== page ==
This award refers in particular to Mr Michael Stone’s term as Plant Inspector at Casey during the 1999 winter. As a result of RSV Aurora Australis suffering a mechanical breakdown and the subsequent rearrangement of shipping for the season, Casey did not receive its usual resupply in the 1998/99 summer. Although a replacement vessel delivered a quantity of fuel, much of it was not suitable for temperatures below −38°C and the total quantity of fuel delivered was only just enough to last the winter if fuel rationing was employed on station.
As a result of this, the Casey 1999 winter team were required to make a number of changes to station operations to minimise fuel usage, whilst at the same time continually monitoring the external temperatures and attempting to use as much of the poorer quality fuel before the colder temperatures of winter arrived.
As the wintering Plant Inspector, Michael was responsible for fuel management on the station. In 1999, this included the temperature monitoring and the blending of the poorer fuel with drummed ATK to survive the winter. This required constant consideration of the characteristics of the fuel remaining — how much of the ATK to blend with the existing fuel, given that the longer this was delayed the greater the concentration of ATK to the existing fuel could be. The higher the concentration of ATK in the blended fuel, the greater the likelihood that it would withstand a sudden drop in temperature.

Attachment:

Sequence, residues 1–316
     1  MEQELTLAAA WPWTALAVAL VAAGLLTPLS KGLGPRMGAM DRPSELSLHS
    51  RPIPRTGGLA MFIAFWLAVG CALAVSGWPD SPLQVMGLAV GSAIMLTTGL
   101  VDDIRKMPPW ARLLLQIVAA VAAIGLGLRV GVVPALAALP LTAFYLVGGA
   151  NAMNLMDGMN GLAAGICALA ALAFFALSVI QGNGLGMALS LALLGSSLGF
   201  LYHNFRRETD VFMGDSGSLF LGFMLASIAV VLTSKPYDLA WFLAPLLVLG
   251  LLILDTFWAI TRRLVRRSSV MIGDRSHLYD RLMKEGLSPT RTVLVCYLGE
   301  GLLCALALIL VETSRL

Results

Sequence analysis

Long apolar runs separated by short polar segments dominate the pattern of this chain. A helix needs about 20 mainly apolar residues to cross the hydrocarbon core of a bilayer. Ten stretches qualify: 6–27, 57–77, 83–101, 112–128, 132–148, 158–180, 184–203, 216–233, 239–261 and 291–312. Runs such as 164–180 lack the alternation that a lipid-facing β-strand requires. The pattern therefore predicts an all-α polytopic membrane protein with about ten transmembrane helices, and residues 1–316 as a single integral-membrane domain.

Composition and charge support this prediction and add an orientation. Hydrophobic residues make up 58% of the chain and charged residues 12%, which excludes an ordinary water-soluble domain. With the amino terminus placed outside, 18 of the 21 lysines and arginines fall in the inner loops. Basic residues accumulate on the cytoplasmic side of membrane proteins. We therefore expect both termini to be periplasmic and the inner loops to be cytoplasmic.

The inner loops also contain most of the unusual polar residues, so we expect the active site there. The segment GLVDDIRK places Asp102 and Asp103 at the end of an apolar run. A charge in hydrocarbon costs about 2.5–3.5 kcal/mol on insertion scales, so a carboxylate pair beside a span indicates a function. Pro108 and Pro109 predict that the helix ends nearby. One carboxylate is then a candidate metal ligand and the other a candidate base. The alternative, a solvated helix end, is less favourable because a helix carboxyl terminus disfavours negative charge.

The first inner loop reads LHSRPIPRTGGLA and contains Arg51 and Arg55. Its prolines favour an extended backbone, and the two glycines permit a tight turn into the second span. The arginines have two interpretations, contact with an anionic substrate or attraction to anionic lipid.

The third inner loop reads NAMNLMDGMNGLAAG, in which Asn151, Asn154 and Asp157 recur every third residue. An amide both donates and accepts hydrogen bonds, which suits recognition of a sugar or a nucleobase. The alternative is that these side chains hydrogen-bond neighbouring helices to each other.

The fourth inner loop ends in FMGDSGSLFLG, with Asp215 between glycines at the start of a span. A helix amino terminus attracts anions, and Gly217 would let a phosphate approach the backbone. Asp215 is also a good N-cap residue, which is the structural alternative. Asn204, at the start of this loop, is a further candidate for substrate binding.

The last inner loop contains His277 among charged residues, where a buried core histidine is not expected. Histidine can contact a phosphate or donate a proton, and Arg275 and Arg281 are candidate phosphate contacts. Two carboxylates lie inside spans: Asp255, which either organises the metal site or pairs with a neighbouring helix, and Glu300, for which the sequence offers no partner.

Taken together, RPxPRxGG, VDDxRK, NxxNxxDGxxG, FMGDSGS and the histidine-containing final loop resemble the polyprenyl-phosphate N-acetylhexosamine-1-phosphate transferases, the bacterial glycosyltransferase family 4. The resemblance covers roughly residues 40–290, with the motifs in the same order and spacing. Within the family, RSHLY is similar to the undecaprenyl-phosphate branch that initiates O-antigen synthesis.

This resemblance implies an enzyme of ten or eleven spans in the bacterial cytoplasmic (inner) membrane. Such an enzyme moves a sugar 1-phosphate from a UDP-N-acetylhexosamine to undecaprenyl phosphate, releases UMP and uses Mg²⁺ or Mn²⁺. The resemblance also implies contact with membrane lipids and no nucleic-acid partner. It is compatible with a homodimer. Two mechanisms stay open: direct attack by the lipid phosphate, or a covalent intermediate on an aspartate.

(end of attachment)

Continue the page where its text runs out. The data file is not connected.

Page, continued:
In addition, the reduced quantity of fuel on hand required energy reduction measures. One of the measures implemented was the reduction in the workshop working temperature to around 13°C for the winter. He was also responsible for recommending and implementing a range of other measures to reduce fuel usage, all of which could have no other effect than to reduce the facility of the Station for those working there.
In summary, Michael’s task was to balance the risk of the fuel failing to survive early cold with the known coming winter temperatures while also determining the most effective ways of reducing fuel expenditure. Either task would have been difficult, but he handled them both well — calling upon an expertise in fuel well above the knowledge generally held on station and producing a plan of action that was critical to the physical survival of the majority of the infrastructure at Casey, as well as the living conditions of the wintering crew.
Throughout this Michael maintained a productive work environment and contributed positively to all aspects of station community life. His solid, mature good sense and laconic personnel management style enabled him to implement a stringent fuel regime with the minimum detrimental effect on the equipment and working conditions at Casey.